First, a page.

> >> > > > if i
    > >> > > > would be able to upgrade it to the 64 bit version, how will i do
    > >> > > > this and
    > >> > > > what benifits are there if i do eg, better graphics? whats the deal
    > >> > > > with
    > >> > > > it?
    > >> > >

    >
    >
    >
    =?Utf-8?B?YWxleA==?=, Jul 19, 2006
    #14
  15. You cannot run Vista x64 unless the processor supports the Intel 64bit
    extensions. I found no reference to the extensions for the M740 on the
    Intel website. What information do you have that your computer is 64bit
    capable?

    "alex" <> wrote in message
    news:...
    > when i ran the windows vista upgrade adviser, it said my computer would be
    > able to support the ulitimate version of vista, i even emailed microsoft
    > to
    > ask what the difference between 32bit and 64bit operating sistems before i
    > installed vista. i have them the results from the upgrade adviser and they
    > said to me you would most likley to be able to run 64 bit version,
    > stupidly
    > enough i installed the wrong version of vista but that seems to be ok
    > because
    > it dosnt seem to be able to run 64 bit vista anyway. i mean if you did
    > want
    > to run 64bit operating systems what would you exactly need?
    >
    > "Colin Barnhorst" wrote:
    >
    >> What specs do you have that suggests to you that the M740 is 64bit
    >> capable?
    >> I could find nothing in the Intel matrix to say it is. It does support
    >> Speed Step and DEP but there is no reference to the 64bit extended
    >> instruction set.
    >>
    >> "alex" <> wrote in message
    >> news:...
    >> >
    >> > it's an intel pentium m740, 1.73 ghz.
    >> > "dfeifer" wrote:
    >> >
    >> >> What processor do you have in your box?
    >> >>
    >> >>
    >> >> "alex" wrote:
    >> >>
    >> >> > yeah because when i tried doing a clean install of windows vista 64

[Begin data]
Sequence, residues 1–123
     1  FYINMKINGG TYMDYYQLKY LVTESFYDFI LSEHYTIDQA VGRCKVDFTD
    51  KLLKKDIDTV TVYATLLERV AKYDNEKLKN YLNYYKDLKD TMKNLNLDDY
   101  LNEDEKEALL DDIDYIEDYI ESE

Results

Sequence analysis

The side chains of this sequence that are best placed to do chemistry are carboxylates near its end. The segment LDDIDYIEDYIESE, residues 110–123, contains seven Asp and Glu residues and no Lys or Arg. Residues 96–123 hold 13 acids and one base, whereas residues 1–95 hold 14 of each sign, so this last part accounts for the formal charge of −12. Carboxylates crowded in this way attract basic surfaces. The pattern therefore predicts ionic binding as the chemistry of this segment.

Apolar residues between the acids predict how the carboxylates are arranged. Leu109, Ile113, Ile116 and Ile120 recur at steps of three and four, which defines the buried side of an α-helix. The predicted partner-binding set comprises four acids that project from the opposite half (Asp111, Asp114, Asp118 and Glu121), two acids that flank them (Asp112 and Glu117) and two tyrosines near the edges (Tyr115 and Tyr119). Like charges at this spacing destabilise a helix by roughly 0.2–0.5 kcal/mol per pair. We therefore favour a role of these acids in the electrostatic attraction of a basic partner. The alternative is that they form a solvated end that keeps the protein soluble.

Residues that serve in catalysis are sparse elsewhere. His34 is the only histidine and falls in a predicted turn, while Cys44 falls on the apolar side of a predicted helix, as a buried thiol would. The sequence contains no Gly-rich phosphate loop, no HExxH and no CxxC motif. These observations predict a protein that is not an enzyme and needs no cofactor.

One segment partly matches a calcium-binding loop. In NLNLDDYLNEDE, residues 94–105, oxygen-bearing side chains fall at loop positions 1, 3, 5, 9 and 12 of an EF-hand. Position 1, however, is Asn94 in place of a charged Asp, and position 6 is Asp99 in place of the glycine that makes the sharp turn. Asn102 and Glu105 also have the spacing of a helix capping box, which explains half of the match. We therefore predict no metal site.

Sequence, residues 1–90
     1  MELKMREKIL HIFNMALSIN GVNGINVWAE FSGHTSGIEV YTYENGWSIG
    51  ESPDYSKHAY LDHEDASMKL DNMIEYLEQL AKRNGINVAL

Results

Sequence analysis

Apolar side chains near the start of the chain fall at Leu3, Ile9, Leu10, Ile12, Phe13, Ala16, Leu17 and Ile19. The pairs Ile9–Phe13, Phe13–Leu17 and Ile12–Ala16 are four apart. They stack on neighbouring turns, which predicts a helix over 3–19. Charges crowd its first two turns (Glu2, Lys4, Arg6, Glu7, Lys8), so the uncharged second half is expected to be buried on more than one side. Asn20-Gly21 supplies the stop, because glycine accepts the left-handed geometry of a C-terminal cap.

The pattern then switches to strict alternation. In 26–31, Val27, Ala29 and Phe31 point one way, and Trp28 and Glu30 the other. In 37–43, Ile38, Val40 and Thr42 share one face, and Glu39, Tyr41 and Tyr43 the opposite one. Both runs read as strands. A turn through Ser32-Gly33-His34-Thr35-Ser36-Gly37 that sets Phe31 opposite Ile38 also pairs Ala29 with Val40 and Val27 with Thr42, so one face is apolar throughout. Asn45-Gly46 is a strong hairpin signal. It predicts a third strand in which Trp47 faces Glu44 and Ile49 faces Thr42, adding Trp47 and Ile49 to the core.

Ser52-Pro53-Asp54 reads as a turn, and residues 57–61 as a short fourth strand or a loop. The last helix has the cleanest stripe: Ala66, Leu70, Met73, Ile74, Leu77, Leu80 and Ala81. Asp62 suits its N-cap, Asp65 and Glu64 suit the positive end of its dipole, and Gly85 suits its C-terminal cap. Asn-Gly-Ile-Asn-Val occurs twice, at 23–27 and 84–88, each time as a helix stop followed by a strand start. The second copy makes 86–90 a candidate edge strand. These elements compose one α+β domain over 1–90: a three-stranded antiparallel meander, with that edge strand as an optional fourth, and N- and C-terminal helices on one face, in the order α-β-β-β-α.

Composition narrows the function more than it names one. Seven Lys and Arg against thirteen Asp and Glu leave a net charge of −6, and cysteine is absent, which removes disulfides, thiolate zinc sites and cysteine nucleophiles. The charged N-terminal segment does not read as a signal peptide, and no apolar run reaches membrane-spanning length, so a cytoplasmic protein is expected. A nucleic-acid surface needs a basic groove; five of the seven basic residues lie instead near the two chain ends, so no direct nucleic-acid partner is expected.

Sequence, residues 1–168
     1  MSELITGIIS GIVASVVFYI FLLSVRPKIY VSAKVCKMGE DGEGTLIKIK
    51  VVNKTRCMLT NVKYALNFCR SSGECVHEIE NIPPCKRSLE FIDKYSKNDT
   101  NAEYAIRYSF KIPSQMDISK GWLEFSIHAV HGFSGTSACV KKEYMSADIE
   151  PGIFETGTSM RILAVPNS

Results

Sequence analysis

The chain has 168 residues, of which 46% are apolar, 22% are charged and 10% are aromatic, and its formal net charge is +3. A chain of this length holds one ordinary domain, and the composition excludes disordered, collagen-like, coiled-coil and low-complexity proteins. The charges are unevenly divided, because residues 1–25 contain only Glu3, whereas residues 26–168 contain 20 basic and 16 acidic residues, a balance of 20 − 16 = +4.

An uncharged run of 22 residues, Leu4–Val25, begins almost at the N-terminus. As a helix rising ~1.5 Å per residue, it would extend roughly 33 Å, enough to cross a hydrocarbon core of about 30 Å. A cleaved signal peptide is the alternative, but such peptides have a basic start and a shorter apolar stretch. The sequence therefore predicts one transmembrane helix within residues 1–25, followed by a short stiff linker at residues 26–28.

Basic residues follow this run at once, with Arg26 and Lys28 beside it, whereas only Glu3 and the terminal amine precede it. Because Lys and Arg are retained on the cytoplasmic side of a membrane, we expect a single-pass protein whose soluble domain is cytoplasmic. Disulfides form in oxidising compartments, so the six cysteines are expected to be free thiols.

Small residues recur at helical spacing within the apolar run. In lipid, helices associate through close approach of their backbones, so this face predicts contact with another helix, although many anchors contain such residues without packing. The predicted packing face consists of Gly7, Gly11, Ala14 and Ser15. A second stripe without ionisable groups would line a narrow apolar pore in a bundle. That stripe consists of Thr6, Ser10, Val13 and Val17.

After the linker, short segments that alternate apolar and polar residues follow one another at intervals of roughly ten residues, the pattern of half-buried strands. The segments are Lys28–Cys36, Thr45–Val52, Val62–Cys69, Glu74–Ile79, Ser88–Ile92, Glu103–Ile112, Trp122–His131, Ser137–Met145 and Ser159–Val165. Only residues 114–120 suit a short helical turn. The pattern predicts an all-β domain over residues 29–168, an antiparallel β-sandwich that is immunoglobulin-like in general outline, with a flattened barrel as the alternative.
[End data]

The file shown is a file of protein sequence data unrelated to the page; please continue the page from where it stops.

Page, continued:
>> >> > bit
    >> >> > from
    >> >> > boot it said it coulnt read it so i imagine my computer just isnt
    >> >> > compatible
    >> >> > with 64 bit software? even though it does have the right specs...
    >> >> > very
    >> >> > strange, so the verdict for the moment anyway before software and
    >> >> > hardware
    >> >> > manufacturers have a goal to set for them selfs when vista final
    >> >> > edition
    >> >> > comes out, stick with the 32 bit?
    >> >> >
    >> >> > "R. C. White" wrote:
    >> >> >
    >> >> > > Hi, Alex.
    >> >> > >
    >> >> > > First, note that you installed Windows Vista BETA x86. As I'm
    >> >> > > sure
    >> >> > > you
    >> >> > > know, the RTM (Release to Manufacturing) version - often called
    >> >> > > the
    >> >> > > "Gold"
    >> >> > > version - is still several months away. We've been promised that
    >> >> > > we
    >> >> > > will be
    >> >> > > able to upgrade from WinXP to the RTM version of Vista. But
    >> >> > > upgrades
    >> >> > > to -
    >> >> > > and among - the various beta builds are still in the
    >> >> > > try-it-and-see
    >> >> > > phase.
    >> >> > > MS has asked us to try it and report what happens so that they can
    >> >> > > fix any
    >> >> > > problems that we find.
    >> >> > >
    >> >> > > In the meantime, many testers have upgraded from WinXP Pro SP2 x86
    >> >> > > to